• Xinjiang discovery provides intriguing DNA link

    05/01/2010 4:55:38 AM PDT · by Palter · 11 replies · 539+ views
    English.news.cn ^ | 28 April 2010 | Mu Xuequan
    The DNA of some 4,000 year-old bodies unearthed five years ago in Xinjiang, in northwest China, provides scientific evidence of early intermingling between people of European and Asian origin. Zhou Hui, a professor of life science and her team discovered that some of the earliest inhabitants of the Tarim Basin in the Taklamakan Desert were of European and Siberian descent. The basin, where hundreds of well-preserved mummies have been found since the 1980s, has attracted great attention from scientists worldwide. Professor Victor Mair of Pennsylvania University claimed in 2006, "From around 1800 B.C. the earliest mummies in the Tarim Basin...
  • The Mystery Behind the 5,000 Year Old Tarim Mummies

    08/31/2009 2:18:47 PM PDT · by BGHater · 28 replies · 2,209+ views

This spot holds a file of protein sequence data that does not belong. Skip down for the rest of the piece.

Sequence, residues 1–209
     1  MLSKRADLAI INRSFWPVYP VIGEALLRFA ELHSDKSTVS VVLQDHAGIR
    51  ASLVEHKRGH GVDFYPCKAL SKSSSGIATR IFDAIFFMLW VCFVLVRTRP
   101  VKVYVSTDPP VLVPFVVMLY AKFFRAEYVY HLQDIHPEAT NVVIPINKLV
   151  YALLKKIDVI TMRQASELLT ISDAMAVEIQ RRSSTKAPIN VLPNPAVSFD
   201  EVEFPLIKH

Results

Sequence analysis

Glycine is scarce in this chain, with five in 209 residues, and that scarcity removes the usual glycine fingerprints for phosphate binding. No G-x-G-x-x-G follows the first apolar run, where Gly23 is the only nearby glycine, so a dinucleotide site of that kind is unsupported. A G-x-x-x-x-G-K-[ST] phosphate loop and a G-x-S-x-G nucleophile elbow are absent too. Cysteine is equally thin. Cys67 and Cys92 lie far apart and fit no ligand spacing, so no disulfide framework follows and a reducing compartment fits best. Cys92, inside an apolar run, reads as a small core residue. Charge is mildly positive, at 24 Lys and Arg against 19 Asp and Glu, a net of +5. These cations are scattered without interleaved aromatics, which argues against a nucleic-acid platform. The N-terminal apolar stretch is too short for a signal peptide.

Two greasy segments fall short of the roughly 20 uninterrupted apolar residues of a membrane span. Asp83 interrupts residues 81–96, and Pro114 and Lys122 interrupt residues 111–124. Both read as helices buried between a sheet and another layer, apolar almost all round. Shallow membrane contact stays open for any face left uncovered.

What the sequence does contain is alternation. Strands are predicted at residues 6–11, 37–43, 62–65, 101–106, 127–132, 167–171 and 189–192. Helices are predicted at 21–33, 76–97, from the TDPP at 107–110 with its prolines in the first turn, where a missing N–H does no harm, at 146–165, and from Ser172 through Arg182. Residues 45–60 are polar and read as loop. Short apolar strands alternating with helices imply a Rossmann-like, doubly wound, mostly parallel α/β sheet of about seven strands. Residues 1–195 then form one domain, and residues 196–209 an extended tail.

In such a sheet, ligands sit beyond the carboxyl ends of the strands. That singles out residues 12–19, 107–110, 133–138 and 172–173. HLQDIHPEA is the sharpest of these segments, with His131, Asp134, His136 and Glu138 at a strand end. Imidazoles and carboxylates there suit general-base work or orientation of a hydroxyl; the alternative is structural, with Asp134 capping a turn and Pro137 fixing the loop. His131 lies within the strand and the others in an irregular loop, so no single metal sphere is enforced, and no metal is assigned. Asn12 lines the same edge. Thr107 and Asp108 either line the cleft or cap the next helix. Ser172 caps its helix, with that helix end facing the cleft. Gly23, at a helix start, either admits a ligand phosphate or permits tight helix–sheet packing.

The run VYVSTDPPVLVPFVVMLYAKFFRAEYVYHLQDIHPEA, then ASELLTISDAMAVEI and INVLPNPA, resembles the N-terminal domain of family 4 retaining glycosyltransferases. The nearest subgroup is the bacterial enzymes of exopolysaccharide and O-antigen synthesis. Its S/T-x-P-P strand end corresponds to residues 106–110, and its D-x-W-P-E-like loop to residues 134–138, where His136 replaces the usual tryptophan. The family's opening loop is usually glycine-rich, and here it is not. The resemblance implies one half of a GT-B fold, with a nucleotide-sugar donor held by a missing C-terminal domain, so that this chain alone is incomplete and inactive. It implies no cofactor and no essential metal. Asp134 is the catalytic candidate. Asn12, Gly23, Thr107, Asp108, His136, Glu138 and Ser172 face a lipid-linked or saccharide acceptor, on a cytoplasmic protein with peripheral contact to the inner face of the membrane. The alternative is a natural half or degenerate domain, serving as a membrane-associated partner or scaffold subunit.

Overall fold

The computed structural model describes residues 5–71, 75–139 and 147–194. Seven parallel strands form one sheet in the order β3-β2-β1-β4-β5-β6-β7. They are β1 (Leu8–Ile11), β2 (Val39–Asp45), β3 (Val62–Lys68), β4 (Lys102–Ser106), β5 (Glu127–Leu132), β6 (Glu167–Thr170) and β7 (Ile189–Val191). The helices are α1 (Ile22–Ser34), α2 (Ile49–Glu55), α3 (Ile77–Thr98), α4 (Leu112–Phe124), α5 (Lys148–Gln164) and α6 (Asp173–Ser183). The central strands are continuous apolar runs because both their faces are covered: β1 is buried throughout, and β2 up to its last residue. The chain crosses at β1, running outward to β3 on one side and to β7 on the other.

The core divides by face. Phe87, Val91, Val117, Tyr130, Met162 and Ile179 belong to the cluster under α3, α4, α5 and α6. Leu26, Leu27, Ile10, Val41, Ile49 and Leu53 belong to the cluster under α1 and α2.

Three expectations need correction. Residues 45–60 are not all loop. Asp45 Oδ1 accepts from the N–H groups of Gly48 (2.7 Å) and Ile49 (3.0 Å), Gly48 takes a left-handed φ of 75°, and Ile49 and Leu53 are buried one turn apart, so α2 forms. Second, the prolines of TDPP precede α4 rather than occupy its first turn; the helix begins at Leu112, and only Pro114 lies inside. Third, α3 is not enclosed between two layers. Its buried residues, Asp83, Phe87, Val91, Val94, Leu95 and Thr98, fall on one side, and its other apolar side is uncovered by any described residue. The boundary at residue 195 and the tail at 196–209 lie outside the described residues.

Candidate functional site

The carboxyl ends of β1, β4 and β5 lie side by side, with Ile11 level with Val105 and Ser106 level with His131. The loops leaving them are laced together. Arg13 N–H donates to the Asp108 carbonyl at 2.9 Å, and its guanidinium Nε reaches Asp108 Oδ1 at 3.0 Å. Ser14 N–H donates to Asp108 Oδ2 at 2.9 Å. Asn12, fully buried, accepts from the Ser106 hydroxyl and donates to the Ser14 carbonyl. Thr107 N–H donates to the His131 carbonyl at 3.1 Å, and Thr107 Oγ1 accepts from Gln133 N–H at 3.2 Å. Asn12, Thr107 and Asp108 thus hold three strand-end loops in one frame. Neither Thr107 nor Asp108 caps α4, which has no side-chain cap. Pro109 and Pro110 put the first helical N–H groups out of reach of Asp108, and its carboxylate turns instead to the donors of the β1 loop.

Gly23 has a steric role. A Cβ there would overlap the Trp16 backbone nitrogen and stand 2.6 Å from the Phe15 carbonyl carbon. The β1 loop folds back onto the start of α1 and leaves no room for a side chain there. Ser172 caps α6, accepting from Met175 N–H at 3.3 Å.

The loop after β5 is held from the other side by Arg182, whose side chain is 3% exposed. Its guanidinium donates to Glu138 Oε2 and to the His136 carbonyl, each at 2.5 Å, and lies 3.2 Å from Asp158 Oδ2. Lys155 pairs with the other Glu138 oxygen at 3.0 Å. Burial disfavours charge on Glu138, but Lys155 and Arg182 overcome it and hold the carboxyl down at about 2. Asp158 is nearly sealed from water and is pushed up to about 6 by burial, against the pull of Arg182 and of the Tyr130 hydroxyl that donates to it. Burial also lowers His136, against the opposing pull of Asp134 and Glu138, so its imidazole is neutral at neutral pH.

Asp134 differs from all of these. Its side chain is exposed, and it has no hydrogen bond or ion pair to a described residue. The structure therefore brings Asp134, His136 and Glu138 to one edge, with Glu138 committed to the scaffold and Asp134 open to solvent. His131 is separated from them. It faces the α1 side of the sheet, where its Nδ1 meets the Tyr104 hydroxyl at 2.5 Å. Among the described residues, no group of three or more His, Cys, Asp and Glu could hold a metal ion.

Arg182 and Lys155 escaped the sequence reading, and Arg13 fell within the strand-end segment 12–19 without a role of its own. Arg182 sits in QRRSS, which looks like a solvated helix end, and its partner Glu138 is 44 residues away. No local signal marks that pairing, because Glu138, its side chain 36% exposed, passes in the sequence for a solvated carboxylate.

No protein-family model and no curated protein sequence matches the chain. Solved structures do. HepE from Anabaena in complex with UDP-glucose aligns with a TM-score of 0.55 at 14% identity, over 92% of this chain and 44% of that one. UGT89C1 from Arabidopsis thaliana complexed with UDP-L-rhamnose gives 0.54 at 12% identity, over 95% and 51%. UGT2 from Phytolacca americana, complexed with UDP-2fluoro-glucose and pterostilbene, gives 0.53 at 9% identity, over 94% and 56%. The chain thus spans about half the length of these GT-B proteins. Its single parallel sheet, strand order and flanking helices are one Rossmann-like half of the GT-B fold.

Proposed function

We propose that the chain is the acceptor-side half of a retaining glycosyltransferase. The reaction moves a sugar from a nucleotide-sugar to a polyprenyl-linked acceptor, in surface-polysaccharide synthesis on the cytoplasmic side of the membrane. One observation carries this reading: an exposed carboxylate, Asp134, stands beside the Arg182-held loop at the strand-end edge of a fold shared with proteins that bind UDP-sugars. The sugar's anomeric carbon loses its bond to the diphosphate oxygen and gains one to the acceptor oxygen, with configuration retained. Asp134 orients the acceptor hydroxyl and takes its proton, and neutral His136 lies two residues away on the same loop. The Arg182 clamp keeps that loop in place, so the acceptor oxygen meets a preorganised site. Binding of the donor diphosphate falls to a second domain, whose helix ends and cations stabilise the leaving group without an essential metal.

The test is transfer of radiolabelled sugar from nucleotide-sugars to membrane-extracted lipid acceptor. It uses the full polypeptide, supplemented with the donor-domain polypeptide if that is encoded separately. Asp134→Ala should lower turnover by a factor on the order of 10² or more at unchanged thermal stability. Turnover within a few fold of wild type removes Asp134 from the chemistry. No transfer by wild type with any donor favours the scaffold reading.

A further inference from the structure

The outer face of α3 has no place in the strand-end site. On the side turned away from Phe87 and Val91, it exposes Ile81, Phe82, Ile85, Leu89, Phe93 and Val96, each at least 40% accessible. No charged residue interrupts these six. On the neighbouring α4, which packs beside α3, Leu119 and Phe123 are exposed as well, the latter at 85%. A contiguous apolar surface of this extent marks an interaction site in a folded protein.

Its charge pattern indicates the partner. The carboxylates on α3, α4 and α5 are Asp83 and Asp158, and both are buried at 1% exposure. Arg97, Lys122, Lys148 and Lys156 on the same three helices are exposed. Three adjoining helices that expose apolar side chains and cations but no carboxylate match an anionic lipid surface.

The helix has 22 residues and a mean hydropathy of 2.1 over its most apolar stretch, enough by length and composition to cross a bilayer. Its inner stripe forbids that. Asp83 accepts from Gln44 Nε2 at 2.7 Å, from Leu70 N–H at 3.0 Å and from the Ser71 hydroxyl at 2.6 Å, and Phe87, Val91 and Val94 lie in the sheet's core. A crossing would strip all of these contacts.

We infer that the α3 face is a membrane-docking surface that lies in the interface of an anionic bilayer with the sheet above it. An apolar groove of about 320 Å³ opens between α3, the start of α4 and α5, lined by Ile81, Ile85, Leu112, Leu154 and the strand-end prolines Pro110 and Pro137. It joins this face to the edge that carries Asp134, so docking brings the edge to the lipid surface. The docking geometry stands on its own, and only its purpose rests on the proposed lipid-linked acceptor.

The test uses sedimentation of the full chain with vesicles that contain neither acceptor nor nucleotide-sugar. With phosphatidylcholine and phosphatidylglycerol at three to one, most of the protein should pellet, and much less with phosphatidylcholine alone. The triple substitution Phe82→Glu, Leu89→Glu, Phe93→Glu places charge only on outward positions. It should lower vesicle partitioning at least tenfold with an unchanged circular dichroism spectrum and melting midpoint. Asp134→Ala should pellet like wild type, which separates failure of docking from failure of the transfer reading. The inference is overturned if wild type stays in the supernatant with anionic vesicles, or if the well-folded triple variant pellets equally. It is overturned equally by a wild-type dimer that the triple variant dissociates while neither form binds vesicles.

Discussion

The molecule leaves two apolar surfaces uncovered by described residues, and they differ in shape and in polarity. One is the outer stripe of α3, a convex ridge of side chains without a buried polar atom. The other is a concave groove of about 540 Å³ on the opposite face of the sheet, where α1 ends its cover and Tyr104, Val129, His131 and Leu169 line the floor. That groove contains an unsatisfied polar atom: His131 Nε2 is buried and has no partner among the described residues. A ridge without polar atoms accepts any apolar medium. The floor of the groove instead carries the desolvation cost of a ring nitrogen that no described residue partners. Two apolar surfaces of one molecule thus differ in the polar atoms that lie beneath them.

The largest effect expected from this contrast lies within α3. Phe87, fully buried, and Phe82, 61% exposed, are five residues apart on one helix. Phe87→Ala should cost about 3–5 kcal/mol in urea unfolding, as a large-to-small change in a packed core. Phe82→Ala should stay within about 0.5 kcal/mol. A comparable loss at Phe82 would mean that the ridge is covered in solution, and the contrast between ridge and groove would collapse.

Environmental Graffiti ^ | 31 Aug 2009 | EG
    A Tarim Basin mummy photographed circa 1910 Photo: Aurel Stein The door creaked open, and there in the gloom of the newly opened room, perfectly preserved despite the passing of thousands of years, a red-haired mummy with Caucasian features stared back. It was a life-changing moment for archaeologist Professor Victor Mair, and ten years on it still gave him chills. Mair had stumbled upon the recently discovered corpses of a man and his family in a museum in the Chinese city of Ürümqi, but the shock waves of the find would be felt far and wide. The 3000-year-old Cherchen...
  • White Masters in the deserts of China?

    03/11/2009 5:30:22 PM PDT · by BGHater · 11 replies · 867+ views
    Philip Coppens ^ | 11 Mar 2009 | Philip Coppens
    The discovery of Caucasoid mummies in China shows that East and West might have been meeting since the Bronze Age. Do they validate some of the ancient legends? Cherchen Man mummy Christopher Columbus is said to have been the first who broke down the barrier that was the Atlantic Ocean, that body of water that separated two continents. But no such barriers – whether natural or ideological – existed between Europe and the East – one could travel over land. Nevertheless, the discovery of Caucasoid mummies has provided not only indisputable evidence that Europeans travelled very far East, it has...
  • Mummies stir political row in China [Caucasian Mummies?]

    11/19/2008 2:13:56 PM PST · by MyTwoCopperCoins · 16 replies · 1,347+ views
    The Times of India ^ | 20 Nov 2008, 0001 hrs IST | The Times of India